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What’s the weirdest thing you’ve gotten on Halloween?

Soda went everywhere


Illustration by Edison Mellor-Goldman, 16, Los Angeles Center for Enriched Studies

When we were 12, my best friend Chelsea and I went trick-or-treating like we always had, despite an increase in people giving out candy with deeply disapproving, skeptical looks and saying, “Aren’t you a little too old for this?” At one house, a man sleepily answered the door and stared at us for a couple seconds. Then he got why there were two girls in strange outfits (I was Rita Skeeter from Harry Potter, Chelsea was a 40s dancer) on his porch. “Oh! Right! Wait one sec,” he said and ran back inside. When he came out, he was carrying two cans of Coke. “’This is all we got, sorry.” He smiled. We happily said “Thanks!” and “Happy Halloween!” … and then Chelsea accidentally dropped the can. Coke sprayed everywhere: onto our shoes, his slippers, the side of the house. It kept fizzing for an awkwardly long time while we apologized, and then a tired-looking woman in a bathrobe came out, got a hose and started washing off their porch. Chelsea was mortified, but I was trying desperately not to laugh. We figured it was a sign—that was our last house for the night.
By Emily Clarke, 15, Palisades Charter HS

‘Rinse twice’

Some people choose the strangest things to hand out on Halloween. Last year while trick-or-treating in the Pacific Palisades, my friends and I walked up to the house of this really creepy old lady who was sitting on the top step of her porch. We got closer and it looked like she was going to hand us small bottles with some sort of magical potion. “Rinse twice,” she told us when we walked away with our peculiar loot. The concoction turned out to be miniature bottles of chocolate shampoo. Where or how she got them will forever be a mystery—possibly a disturbing one. It smelled like chocolate, looked like chocolate, was everything chocolate except of course for the fact that you were not supposed to taste it (as far as we knew). It was beyond disgusting, but without a doubt entertaining. What else were we going to get? If we collected vanilla hairspray, maybe a peppermint conditioner or some cotton candy hair gel, we could have opened a hair salon branch to Dylan’s Candy Bar.
    We decided we needed to experiment with the stuff, just to figure out if it was some cruel joke that would make our hair fall out of our scalps. My poor dog became our guinea pig. It turned his tail a dark, muddy color for about a week.
By Jackie Rosen, 16, Palisades Charter HS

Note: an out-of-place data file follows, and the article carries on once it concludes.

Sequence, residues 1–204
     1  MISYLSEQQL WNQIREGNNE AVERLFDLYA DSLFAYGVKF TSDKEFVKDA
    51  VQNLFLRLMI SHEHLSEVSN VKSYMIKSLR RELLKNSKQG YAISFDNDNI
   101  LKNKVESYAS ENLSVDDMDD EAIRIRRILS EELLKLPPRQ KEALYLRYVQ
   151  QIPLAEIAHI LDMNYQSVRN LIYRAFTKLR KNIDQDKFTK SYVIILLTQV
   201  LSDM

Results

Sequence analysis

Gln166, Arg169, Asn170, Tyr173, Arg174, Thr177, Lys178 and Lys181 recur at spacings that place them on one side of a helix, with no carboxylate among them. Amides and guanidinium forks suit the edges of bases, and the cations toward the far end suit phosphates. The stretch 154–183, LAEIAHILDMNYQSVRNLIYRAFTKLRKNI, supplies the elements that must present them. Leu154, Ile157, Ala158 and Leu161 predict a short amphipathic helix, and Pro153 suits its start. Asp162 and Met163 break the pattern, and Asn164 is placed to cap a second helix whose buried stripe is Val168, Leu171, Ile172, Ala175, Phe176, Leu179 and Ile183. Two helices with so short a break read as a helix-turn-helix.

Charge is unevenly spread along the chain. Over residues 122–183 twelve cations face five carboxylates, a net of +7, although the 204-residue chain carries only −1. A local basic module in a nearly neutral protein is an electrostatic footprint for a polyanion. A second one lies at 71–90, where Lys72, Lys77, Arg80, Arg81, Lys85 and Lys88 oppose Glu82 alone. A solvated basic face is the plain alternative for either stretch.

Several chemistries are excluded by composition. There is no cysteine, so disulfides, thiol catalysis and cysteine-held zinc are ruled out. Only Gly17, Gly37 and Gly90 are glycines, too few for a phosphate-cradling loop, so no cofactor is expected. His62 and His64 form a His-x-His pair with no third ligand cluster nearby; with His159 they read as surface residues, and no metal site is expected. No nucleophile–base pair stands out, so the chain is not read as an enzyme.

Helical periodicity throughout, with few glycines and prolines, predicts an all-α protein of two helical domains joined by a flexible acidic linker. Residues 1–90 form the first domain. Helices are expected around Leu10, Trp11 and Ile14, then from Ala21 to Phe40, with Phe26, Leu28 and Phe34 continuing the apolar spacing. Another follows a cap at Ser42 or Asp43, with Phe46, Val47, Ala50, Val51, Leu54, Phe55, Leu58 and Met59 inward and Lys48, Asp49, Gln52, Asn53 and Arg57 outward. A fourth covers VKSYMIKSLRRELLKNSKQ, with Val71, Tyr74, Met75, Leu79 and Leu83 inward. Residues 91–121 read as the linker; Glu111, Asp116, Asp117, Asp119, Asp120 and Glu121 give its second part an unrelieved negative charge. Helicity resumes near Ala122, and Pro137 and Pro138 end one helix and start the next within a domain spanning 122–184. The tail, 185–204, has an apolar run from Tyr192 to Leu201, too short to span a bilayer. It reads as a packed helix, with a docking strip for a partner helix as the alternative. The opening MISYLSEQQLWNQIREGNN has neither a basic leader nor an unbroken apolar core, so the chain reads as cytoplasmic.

A canned surprise

One Halloween when I was a kid, I received my most peculiar treat. One of our neighbors, who was in her 50s, seemed kind of distraught when I rang her doorbell. My brother, sister and I screamed “trick-or-treat.” She stumbled with her words and all she managed to say was “Oh, I, umm” while she looked around for something to give us. My father reassured her it was OK that she didn’t have anything and told us to come on, but she insisted on giving us something. She told us to hold on a second, and returned with her hands behind her back. She then told us to close our eyes and open our trick-or-treat bags, and that we couldn’t open our bags until we got down the street. I could hardly wait. I was hoping for money. We opened our bags at the same time only to find that we all received something different. My brother had gotten crackers, my sister had gotten hot cocoa mix, and I received a can of Vienna sausages. I thought Vienna sausages were nasty and I couldn’t stand the smell of them when I had eaten them in the past. I wish I would have listened to my dad and left instead of receiving the treat, which was more of a trick than a treat.
By Britawnya Craft, 17, Warren HS (Downey)

Peace, love and a shawl

When I was 10 or 11, I went trick-or-treating with one of my friends in Eagle Rock.
    She was dressed up as a pirate and I was a ballerina. We had gotten a lot of candy and were almost done with the neighborhood when we approached a house. It was pale green, while all the other houses were white. The window shutters were broken off, but it had a light on so we rang the doorbell. A lady answered the door and we said, “TRICK-OR-TREAT!!!” She looked like a hippie; she was dressed in a burlap-sack dress with holes for the arms and head and flip-flops. My friend and I gave each other puzzled looks. She said, “Ah, young ones! Peace, peace on you.” She ran back into her house and brought back two handmade leis made with daisies, which she placed around our necks. “These flowers represent peace, and our minds, which blossom like the flowers of the earth. … Candy is not natural, these flowers will be better for your aura,” she said.
    My friend and I just stood there blinking. She went back into her house and brought out two big pieces of what looked like burlap (which turned out to be hemp, when we asked my friend’s mom later). When she gave them to us, they looked kind of like the dress she was wearing! My friend and I started laughing in disbelief; she was staring at us so we stopped. Her eyes got wide and she spoke again, but with seriousness and anger in her voice. “You children don’t know what peace will bring! We need to disestablish the government, cease power! We need to give flowers to everybody to show the meaning of life!” I was so freaked out I just wanted to get out of there, so I quickly told her “Umm … thank you for the flowers and the uh, shawl thing.” I grabbed my friend’s hand and started running toward my friend’s house. The last thing I heard the lady say was “Good-bye, my young flowers. Remember the government is EVIL.” I think that had to be the weirdest Halloween I have ever experienced, but looking back it is really funny.
By Stacey Avnes, 14, Sherman Oaks Center for Enriched Studies